Captain, leader, legend. Look, that other gentleman has retired now, so the position is vacant, and who deserves it more than Vincent Kompany?
He was meant to have been phased out long ago. He wasn’t Pep Guardiola‘s type. Yet here he is, three years into the revolution, scoring the goal that leaves Manchester City in the box seat for arguably the greatest title showdown.
What a goal, too. Not a centre-half’s goal, that is for certain. A spectacular. A goal that will be remembered and replayed decades from now. Kompany has scored plenty of headers from set-pieces, plenty of standard contributions from a player with his skill set. This was different. This was Paul Breitner 1974 World Cup different. This was a goal defenders dream of scoring.
Kompany collected the ball around 35 yards from Leicester’s goal. It doesn’t matter who from. It was a square pass, one of the million City make as they move and shape the play around the opposition box. Kompany was expected to move it on, too. Leicester dropped off a little, let him have it. He’s not going to shoot from there, is he? If he is, well good luck with that. We’ll take them all day.
So Kompany advanced maybe five yards and pow. The ball left his right foot like a tracer missile, straight into Kasper Schmeichel’s top left-hand corner. It was Kompany’s first goal since April 7, 2018, and as the saying goes, it was worth waiting for.
Indeed, if he never scores one again, nobody around these parts will mind. There was already an argument that Kompany might be among City’s greatest players from any era. This is the type of goal that gets statues cast. It was his Aguerooo moment – because, at that point, City looked to be faltering.
Leicester had already gone further into the match without conceding than any visitor to the Etihad this season. They were organised and determined and City were frustrated. They were forcing Leicester deeper and deeper in search of the goal that would hand the title advantage to Liverpool, but the tension in the stadium was growing.
PLAYER RATINGS, LEAGUE TABLE AND MATCH ZONE
Manchester City (4-3-3): Ederson; Walker, Kompany, Laporte, Zinchenko; Silva (Stones 90), Gundogan, Foden (Sane 56); Bernardo Silva, Aguero (Gabriel Jesus 86), Sterling
Subs not used: Muric, Danilo, Mahrez, Otamendi
Goal: Kompany 70
Booked: Silva, Gabriel Jesus
Manager: Pep Guardiola
Leicester City (4-1-4-1): Schmeichel; Ricardo, Evans, Maguire, Chilwell; Ndidi; Albrighton (Gray 85), Tielemans (Barnes 75), Choudhury, Maddison (Iheanacho 80); Vardy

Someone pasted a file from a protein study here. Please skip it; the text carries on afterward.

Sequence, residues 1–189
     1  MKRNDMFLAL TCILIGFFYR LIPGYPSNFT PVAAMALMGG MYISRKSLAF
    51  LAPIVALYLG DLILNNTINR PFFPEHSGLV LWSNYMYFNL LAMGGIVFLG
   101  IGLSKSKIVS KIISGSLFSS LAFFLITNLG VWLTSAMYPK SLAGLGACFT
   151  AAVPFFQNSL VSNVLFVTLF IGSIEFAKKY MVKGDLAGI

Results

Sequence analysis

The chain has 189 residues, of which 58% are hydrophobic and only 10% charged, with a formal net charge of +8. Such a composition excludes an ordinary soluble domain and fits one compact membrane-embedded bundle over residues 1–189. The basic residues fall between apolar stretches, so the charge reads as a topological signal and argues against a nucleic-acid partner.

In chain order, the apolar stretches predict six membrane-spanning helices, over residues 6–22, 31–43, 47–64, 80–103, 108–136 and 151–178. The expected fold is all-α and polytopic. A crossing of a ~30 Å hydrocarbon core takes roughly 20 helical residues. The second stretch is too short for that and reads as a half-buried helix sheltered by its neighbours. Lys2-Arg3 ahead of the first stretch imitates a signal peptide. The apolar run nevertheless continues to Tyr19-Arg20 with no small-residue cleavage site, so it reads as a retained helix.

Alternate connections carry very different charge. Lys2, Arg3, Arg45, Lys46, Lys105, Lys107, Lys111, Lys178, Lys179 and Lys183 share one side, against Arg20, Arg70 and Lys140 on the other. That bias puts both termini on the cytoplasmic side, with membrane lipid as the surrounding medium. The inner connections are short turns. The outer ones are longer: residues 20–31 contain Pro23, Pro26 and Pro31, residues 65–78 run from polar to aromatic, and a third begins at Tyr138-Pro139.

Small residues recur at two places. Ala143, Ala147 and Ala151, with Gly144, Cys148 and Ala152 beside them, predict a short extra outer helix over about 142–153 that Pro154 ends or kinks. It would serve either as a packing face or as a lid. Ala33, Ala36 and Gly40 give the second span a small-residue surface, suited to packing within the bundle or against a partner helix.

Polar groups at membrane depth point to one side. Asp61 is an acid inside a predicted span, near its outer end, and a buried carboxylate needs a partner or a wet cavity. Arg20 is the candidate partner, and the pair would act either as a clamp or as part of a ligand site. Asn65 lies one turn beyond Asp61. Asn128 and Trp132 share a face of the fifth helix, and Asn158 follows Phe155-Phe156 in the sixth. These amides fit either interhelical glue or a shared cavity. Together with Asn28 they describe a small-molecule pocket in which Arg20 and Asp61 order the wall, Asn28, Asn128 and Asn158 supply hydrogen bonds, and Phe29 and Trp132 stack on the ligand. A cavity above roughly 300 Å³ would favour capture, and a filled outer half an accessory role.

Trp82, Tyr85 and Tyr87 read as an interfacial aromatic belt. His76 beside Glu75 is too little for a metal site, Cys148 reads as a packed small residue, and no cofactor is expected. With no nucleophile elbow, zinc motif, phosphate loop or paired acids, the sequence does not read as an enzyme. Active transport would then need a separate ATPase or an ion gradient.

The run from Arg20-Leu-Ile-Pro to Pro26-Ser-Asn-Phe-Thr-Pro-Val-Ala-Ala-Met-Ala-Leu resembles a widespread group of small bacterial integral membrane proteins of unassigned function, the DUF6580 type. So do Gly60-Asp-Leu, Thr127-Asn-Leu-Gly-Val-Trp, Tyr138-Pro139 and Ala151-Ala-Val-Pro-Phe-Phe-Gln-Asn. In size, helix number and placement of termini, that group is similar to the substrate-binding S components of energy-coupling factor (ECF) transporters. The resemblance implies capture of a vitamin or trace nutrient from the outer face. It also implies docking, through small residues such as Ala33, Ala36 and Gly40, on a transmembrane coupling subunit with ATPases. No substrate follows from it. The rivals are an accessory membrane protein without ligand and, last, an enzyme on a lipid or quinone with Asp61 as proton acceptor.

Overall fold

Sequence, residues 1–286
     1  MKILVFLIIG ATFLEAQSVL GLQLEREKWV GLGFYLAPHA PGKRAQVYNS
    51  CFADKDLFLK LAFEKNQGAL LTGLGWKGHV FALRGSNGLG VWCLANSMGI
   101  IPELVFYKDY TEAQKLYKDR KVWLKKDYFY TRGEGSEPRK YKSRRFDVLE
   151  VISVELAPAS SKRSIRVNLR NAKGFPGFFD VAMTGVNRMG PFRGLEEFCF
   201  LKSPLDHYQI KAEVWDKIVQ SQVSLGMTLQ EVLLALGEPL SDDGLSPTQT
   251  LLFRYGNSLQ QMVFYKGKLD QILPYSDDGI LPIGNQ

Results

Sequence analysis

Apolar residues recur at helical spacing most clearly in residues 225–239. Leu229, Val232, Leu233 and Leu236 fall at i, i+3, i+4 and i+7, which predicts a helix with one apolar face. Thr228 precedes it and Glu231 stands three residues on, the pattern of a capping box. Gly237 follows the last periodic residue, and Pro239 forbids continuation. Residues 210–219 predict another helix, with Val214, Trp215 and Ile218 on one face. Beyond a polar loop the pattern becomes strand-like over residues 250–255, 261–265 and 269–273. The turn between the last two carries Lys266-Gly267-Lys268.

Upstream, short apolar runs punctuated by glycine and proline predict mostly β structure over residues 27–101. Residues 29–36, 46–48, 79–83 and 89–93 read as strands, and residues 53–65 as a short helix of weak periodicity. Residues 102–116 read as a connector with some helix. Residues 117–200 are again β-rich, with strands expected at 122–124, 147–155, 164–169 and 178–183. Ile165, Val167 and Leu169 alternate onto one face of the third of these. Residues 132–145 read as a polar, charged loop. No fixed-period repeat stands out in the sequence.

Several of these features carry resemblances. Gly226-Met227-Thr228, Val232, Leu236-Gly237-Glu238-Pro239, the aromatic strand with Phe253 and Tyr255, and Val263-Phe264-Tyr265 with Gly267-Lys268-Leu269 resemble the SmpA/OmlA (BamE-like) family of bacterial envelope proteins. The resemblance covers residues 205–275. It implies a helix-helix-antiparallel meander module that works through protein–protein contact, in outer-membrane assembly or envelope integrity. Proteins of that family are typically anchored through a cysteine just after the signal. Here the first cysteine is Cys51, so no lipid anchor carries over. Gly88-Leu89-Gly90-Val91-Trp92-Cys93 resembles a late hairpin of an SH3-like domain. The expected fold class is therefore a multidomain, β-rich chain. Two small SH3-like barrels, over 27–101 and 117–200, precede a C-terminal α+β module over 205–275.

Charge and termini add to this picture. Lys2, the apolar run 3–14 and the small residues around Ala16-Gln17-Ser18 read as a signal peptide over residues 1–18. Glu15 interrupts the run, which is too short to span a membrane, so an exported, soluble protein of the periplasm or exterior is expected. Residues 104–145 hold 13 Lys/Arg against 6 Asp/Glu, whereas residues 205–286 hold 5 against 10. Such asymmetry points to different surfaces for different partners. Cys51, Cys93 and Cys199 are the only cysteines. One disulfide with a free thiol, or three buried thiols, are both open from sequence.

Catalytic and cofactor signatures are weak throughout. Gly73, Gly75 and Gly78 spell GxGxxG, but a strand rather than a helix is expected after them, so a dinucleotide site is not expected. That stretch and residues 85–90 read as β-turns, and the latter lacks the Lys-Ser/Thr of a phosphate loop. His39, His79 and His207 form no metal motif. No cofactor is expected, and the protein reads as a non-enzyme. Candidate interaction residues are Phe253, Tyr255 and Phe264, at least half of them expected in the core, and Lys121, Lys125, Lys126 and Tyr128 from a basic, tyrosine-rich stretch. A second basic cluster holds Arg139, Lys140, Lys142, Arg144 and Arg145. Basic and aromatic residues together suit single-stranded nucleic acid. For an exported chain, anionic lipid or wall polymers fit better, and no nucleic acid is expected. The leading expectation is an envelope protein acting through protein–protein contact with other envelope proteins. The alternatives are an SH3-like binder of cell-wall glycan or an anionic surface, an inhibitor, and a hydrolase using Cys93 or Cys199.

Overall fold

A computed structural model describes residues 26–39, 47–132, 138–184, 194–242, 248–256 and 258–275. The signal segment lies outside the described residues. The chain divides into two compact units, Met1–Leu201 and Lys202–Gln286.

Subs not used: Ward, Morgan, Mendy, Fuchs
Booked: Maguire, Iheanacho
Manager: Brendan Rodgers
Referee: Mike Dean (Wirral)
Season at a glance:
- Premier League
Team P GD Pts 1 Manchester City 37 69 95 2 Liverpool 37 65 94 3 Chelsea 37 24 71 4 Tottenham Hotspur 37 28 70 5 Arsenal 37 20 67 6 Manchester United 37 13 66 7 Wolverhampton Wanderers 37 3 57 8 Everton 37 8 53 9 Leicester City 37 3 51 10 Watford 37 -4 50 11 West Ham United 37 -6 49 12 Crystal Palace 37 -4 46 13 Bournemouth 37 -12 45 14 Newcastle United 37 -10 42 15 Burnley 37 -21 40 16 Southampton 37 -20 38 17 Brighton and Hove Albion 37 -22 36 18 Cardiff City 37 -37 31 19 Fulham 37 -43 26 20 Huddersfield Town 37 -54 15
Ilkay Gundogan came close with a shot, Schmeichel made a fine save from Aguero – then Leicester broke and James Maddison could have scored, or at least slipped in Marc Albrighton who was in a superior position. Was this going to be the night one of the title duellists blinked? And then: it looks like we’ve got Kompany.
There were 20 minutes remaining. It was far from comfortable but City held on. Win at Brighton and the title is theirs. That won’t be easy either. Nothing is, when it’s like this.
DEAN WAS RIGHT NOT TO SHOW SILVA A RED
MARK CLATTENBERG: David Silva committed a careless foul on James Maddison when already on a yellow card, but it didn’t deserve a second caution.
The Spaniard’s booking for an earlier foul on Youri Tielemans during a Leicester break was a clear yellow, a deliberate trip, and the Manchester City star could have no complaints when Mike Dean showed yellow.
However, that does not mean his next foul should result in a red card, just because he has already been booked. He should be afforded the same treatment as any player in that they can commit three or four careless fouls before being cautioned.